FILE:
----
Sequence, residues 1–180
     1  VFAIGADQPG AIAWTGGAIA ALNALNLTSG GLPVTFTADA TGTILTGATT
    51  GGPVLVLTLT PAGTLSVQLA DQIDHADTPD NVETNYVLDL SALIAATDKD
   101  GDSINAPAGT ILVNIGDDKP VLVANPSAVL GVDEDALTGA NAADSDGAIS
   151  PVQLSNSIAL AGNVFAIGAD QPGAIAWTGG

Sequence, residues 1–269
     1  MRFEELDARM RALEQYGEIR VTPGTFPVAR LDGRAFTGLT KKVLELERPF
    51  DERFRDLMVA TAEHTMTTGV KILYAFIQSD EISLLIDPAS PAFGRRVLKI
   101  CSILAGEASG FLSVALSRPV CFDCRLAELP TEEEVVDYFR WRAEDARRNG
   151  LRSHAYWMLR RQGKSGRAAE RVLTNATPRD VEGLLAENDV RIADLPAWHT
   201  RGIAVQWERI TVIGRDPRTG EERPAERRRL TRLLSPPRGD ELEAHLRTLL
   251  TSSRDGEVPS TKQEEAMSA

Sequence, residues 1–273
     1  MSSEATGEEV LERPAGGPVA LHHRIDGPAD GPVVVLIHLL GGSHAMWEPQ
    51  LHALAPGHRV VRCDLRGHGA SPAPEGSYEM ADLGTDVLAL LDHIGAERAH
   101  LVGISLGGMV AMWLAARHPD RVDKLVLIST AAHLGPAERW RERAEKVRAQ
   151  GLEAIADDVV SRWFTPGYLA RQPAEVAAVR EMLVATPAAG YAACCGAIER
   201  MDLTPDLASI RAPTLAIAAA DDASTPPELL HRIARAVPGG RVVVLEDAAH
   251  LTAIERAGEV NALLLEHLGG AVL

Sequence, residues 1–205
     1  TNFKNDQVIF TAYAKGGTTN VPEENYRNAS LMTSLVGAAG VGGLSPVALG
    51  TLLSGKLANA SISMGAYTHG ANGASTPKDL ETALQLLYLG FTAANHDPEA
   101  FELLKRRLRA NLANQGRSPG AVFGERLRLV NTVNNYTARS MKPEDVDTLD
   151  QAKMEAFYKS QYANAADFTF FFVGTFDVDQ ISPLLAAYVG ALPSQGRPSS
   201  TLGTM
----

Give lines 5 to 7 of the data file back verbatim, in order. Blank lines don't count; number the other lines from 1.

   151  PVQLSNSIAL AGNVFAIGAD QPGAIAWTGG

Sequence, residues 1–269
     1  MRFEELDARM RALEQYGEIR VTPGTFPVAR LDGRAFTGLT KKVLELERPF